Bake Shop Drop is a new Facebook game from Broken Bulb Studios, a developer best known for its Pokemon-esque Miscrits series. Bake Shop Drop showed up as the No. 1 emerging Facebook game at the end of last week, so it’s off to a good start.
Bake Shop Drop is a puzzle game. Puzzle games on Facebook tend to fall into one of three main categories — bubble shooters; Bejeweled-style match-3 puzzlers that involve swapping gems around; and Diamond Dash-style match-3 puzzlers that require players to click on contiguous groups of like-colored gems. All three of these genres are oversaturated, and the value of introducing more very similar games into the mix is somewhat questionable — so it’s very pleasing to see that Bake Shop Drop doesn’t quite fit into any of these categories, instead providing its own original take on the more cerebral side of gameplay.
Bake Shop Drop’s core gameplay still revolves around matching like-colored objects, but the means by which you go about this is somewhat different to most other Facebook puzzle games. Various differently-colored cakes line the bottom of the screen (with each having an obviously different shape to cater to color-blind players) and the player must create groups of three or more by dropping additional cakes from the top of the screen. Matches may be created horizontally, vertically or diagonally and do not have to be in a straight line, so long as the cakes are in adjacent spaces on the game grid. Every four moves, a new row of cakes appears at the bottom of the screen, but they are confined to boxes. To release them, matches must be created in adjacent spaces. As a single game progresses, boxes tied up with ribbon start to appear, and these must have two matches created adjacent to them before they can be opened. The game continues until one of more columns of cakes overflow off the top of the screen.
The game’s monetization is based on its currency of “Golden Tickets.” These may be acquired during gameplay by creating large matches and then opening special golden cake boxes in the same way as normal cake boxes, but can also be acquired through in-app purchase. Golden Tickets are used to purchase one of three different “booster” items to provide the player with an advantage, though none of these are available when the game is started for the first time. Instead, they are gradually unlocked as the player levels up, which is achieved simply by playing more games. To prevent the boosters becoming a “pay to win” system — they are all quite powerful — they are limited to one use per game each.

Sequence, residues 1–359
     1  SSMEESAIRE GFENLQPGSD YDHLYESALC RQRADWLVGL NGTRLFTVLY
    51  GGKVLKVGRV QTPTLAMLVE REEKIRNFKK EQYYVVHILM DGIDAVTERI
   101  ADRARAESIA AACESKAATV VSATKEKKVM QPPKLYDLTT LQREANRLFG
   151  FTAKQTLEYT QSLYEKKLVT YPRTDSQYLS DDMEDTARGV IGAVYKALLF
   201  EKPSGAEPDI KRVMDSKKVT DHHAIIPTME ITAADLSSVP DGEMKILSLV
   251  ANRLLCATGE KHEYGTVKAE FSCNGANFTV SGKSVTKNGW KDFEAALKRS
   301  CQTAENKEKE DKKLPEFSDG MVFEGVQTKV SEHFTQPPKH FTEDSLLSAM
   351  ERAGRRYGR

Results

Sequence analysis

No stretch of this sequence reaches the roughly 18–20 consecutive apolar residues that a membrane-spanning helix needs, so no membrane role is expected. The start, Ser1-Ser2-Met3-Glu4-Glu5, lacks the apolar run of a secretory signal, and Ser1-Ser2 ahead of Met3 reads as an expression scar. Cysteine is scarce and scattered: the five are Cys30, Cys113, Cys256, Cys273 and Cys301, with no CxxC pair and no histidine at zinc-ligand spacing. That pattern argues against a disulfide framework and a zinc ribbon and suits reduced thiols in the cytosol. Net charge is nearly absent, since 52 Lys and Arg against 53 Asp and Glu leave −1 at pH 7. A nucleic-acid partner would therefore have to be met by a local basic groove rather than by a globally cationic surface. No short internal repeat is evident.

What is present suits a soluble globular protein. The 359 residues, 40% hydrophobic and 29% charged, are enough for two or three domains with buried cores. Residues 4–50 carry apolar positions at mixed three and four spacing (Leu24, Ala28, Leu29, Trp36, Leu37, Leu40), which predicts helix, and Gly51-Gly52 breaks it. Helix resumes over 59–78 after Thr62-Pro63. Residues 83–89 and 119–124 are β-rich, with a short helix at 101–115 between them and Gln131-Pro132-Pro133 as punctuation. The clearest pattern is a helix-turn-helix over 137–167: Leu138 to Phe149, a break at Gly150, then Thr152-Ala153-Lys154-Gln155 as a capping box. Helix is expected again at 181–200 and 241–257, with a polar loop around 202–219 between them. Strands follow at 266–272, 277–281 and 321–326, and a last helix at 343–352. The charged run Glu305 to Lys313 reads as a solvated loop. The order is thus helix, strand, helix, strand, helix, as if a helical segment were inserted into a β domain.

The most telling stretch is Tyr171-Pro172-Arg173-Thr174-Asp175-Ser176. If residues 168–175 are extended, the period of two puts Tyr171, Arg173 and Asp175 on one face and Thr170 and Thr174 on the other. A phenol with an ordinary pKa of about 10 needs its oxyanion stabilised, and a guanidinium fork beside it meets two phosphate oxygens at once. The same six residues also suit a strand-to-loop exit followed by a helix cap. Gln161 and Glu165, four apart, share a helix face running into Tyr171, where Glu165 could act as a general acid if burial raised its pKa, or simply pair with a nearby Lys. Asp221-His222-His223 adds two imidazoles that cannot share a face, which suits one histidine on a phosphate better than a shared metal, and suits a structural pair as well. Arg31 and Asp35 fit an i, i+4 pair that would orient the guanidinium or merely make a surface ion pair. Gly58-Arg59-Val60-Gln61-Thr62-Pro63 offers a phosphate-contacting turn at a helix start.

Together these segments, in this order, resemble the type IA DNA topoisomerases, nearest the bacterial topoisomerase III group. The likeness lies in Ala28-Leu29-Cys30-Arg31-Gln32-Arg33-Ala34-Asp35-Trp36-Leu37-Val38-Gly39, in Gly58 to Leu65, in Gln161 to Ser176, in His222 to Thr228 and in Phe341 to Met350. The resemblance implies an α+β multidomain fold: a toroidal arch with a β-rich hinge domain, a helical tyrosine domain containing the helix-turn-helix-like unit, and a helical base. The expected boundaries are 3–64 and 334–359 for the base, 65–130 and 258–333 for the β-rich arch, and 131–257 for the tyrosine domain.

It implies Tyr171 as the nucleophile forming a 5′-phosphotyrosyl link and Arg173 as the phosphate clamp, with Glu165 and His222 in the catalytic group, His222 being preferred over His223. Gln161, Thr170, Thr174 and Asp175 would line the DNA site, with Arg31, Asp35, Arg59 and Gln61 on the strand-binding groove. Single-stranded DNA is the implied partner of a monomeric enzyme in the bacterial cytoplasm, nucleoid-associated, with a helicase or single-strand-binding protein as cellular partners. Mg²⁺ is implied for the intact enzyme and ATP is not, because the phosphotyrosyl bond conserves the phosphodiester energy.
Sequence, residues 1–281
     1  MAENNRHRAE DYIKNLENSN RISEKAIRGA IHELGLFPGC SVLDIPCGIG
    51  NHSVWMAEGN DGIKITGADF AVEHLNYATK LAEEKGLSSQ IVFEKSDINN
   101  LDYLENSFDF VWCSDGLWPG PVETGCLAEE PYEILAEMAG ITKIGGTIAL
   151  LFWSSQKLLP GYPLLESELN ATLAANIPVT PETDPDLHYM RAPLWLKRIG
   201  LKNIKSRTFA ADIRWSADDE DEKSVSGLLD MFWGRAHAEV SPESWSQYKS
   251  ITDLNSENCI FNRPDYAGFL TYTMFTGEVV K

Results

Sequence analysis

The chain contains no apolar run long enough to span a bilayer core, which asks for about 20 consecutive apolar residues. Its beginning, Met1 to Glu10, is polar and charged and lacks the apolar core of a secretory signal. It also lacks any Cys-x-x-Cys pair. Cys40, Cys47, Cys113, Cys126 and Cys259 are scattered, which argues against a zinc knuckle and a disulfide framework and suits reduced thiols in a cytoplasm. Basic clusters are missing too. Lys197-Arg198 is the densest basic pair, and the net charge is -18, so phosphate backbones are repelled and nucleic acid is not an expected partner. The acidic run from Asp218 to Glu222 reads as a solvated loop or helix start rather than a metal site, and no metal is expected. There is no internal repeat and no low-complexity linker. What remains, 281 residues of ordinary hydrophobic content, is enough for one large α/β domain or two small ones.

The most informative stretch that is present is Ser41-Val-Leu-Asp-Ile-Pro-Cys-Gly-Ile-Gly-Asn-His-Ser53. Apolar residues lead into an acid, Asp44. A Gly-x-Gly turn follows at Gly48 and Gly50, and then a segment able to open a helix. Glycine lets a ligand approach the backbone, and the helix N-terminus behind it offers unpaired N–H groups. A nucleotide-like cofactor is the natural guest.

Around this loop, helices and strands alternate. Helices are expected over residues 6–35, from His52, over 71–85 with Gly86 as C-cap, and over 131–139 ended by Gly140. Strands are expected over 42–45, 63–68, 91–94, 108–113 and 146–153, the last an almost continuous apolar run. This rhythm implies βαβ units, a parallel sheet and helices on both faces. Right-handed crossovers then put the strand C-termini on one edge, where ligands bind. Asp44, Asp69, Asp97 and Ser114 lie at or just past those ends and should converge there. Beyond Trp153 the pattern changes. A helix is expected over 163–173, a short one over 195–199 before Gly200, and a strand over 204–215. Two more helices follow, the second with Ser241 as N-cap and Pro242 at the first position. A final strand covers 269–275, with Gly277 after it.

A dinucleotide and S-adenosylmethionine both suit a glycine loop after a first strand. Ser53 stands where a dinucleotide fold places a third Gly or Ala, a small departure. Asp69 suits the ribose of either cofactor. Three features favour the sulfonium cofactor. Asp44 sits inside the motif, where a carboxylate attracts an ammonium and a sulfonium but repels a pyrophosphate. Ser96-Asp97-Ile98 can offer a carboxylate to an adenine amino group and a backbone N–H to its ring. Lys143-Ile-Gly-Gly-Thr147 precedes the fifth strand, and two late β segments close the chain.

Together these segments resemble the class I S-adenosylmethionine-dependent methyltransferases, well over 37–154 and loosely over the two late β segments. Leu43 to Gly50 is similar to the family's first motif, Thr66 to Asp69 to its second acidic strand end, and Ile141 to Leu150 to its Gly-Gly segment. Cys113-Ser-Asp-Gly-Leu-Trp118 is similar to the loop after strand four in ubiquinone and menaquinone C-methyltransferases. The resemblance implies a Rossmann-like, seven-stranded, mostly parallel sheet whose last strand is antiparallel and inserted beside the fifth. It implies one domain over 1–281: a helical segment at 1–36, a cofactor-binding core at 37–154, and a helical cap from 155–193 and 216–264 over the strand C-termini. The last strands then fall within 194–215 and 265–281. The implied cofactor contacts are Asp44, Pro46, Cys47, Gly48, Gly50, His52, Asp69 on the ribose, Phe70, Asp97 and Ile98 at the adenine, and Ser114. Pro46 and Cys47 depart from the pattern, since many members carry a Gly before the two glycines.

The game also makes use of a “lives” system to throttle play, though for the first three experience levels the player will level up and refill their lives stock well before they run out. Lives may not be replenished using Golden Tickets; they must instead either be acquired for free by inviting friends or paid for directly using Facebook Credits — the game does not have its own dedicated hard currency because it doesn’t really need one.
Bake Shop Drop is worthy of praise solely for not falling into any of the three particularly oversaturated Facebook puzzle game categories, but it’s also a fun game, too. It’s challenging and cerebral but never frustrating, making it accessible to a broad audience. Built-in leaderboard features encourage competition between friends, and the lack of premium items that inflate scores to an unreasonable degree help keep things balanced for both paying and non-paying players. It remains to be seen whether the “boost” items and lives mechanic provide sufficient incentive for players to pay up — early in the game, it’s easy enough to earn enough Golden Tickets to keep your balance relatively constant, even when using boosters — but even if it doesn’t, this game is worthy of note simply for being a good puzzler, and deserves to enjoy some success.
Bake Shop Drop currently has 50,000 monthly active users, 40,000 weekly active users and 10,000 daily active users. Follow its progress with AppData, our traffic tracking service for social games and developers.
A quality puzzler that is not only a good game, but also worthy of praise for not falling into one of the oversaturated subdivisions of the genre on Facebook.